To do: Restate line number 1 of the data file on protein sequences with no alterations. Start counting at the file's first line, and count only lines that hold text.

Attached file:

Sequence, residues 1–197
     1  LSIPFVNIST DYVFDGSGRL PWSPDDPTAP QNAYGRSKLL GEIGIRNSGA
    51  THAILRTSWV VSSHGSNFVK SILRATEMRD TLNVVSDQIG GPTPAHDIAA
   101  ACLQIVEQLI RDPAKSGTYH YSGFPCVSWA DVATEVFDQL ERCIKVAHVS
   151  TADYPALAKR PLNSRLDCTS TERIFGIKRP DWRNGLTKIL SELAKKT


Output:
Sequence, residues 1–197